Thursday, May 24, 2007

On wishing The Big One away.

I took a circuitous route to this piece by John Gravois and the anti-Secret backlash he represents—via Cosmic Connie, a Google search, an email or two I received off-blog, and even a link on AOL's news page. (And let me be the first to admit, it is a very bad sign indeed when the author of SHAM is getting his news on the SHAMscape from a mass-market source like AOL.) In my defense, I've been very busy and in large part have been trying to keep the blog going with "maintenance text," as I put it once before. But if you haven't yet looked at Gravois' facetious "letter to Oprah" in Slate, you owe it to yourself to do so now. It may be the best enunciation I've seen—arguably including, it pains me to say, my own work—of the downside of today's personal-Empowerment juggernaut. With very few words (and a handful of striking examples), it details the broad and colossal damage that this tide of "wishful thinking" has wrought in such diverse realms as parenting, health care, the war on terror, and even the U.S. space program as run by NASA. Gravois points out that because of the prevailing hopefest, among other things, "Only a third of American sunbathers use sunscreen, and Californians are almost twice as likely to play the lottery as they are to buy earthquake insurance." (Hence, the title I chose for this post.) He also writes compellingly of how even the lexicon is structured to reward whimsy and punish caution: "Just think of all the pejorative and even pathological terms we have for doomsayers. Like, for instance, doomsayer. Also alarmist, naysayer, paranoiac, complainer, defeatist, downer, and killjoy. Rack your brain: It is hard to think of a laudatory term for contemplating the worst-case scenario."

I go back to the subtitle of my book: "how the self-help movement made America helpless." This stuff is not benign. In most settings, as applied by most Americans, it is likely somewhere between counterproductive and downright devastating. Like the so-called and well-documented paradoxical effects in medicine, today's empowering brand of self-help too often causes the exact problem you were hoping (literally) to avoid. If not a worse we'll show here, in a few days, when I begin posting some of the horror stories I've received.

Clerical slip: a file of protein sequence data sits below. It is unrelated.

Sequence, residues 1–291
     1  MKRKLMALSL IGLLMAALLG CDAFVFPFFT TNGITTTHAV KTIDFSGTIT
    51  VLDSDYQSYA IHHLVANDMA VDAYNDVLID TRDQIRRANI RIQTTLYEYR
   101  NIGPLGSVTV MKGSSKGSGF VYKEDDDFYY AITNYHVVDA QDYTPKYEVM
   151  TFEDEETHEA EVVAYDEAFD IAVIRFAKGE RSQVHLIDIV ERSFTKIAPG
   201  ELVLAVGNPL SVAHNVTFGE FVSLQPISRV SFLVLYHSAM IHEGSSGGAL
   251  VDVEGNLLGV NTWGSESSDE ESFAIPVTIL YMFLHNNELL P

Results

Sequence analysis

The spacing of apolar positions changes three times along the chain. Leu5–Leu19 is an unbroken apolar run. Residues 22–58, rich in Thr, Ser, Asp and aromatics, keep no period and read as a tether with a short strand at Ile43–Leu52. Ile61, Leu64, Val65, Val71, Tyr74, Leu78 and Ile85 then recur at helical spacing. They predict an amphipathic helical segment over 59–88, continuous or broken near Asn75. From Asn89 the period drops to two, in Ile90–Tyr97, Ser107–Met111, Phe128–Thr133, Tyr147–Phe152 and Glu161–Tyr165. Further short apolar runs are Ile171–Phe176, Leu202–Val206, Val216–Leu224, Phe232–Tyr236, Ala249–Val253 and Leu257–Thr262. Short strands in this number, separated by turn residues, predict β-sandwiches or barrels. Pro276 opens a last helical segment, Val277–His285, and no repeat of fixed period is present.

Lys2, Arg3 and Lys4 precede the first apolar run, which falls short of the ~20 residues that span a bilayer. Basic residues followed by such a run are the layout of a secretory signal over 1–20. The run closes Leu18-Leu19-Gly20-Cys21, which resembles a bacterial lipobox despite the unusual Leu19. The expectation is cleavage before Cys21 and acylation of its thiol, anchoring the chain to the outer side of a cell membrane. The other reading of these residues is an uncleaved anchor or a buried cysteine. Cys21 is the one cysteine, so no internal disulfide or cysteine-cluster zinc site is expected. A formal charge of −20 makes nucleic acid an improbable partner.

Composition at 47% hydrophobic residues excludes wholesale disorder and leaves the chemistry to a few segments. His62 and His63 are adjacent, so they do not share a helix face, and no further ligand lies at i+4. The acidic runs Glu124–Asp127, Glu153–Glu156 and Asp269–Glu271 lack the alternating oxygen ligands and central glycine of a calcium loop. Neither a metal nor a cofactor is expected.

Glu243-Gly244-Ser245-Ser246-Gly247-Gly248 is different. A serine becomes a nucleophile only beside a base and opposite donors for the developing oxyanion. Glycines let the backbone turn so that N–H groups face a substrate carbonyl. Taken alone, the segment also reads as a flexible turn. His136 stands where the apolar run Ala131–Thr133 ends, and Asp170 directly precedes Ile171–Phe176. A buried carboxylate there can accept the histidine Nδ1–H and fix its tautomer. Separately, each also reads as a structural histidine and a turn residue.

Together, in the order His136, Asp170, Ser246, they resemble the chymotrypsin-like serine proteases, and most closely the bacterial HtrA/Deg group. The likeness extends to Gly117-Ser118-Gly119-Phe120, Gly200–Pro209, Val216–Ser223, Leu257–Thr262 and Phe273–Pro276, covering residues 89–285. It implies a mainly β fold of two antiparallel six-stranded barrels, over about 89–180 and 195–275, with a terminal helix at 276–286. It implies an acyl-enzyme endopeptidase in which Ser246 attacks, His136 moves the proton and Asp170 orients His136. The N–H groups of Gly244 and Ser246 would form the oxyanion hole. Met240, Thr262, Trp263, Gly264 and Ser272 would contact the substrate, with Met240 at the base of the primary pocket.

In sum, Gravois has put together the kind of piece where I just sort of sit there afterwards and think, Damn, I wish I'd written that!* It even makes me guardedly optimistic that maybe we're reaching an important bend in the road of this latter-day, check-your-brains-at-the-door silliness.

Then I look at the best-seller lists and my heart sinks again.

* See? I have wishes too.


Anonymous said...

How about the many people who have symtoms of something but refuse to go to the doctor because that's "bad luck", as if they think the act of going to the doctor is what is going to cause the problem they're already having symptoms for! Is that the dumbest thing you've ever heard? Like wishful thinking in reverse. But I think we all know people like that.

Cal said...

I have a story that I read in my local paper that I'm surprised hasn't gotten much national attention (yet). Dr. Laura Schlessinger's son is in the Army. Her son is under investigation for having a Myspace that the article quotes an Army officer said is "repulsive". I guess that is what you get when you are your kid's Mom.

Trish Ryan said...

Don't give up Steve...
If you can imagine it, you can achieve it...if you can dream it, you can become it!

I think Jonathan Livingston Seagull said that, and he was a bird who managed to get a book deal - proof that indeed, anything is possible!

(kidding... I'm kidding!)

Cosmic Connie said...

"And let me be the first to admit, it is a very bad sign indeed when the author of SHAM is getting his news on the SHAMscape from a mass-market source like AOL."

No, what's really bad is when you get your news from a source like Cosmic Connie. :-)

I had the same thought you did when I read Gravois' piece: I wish I'd written that.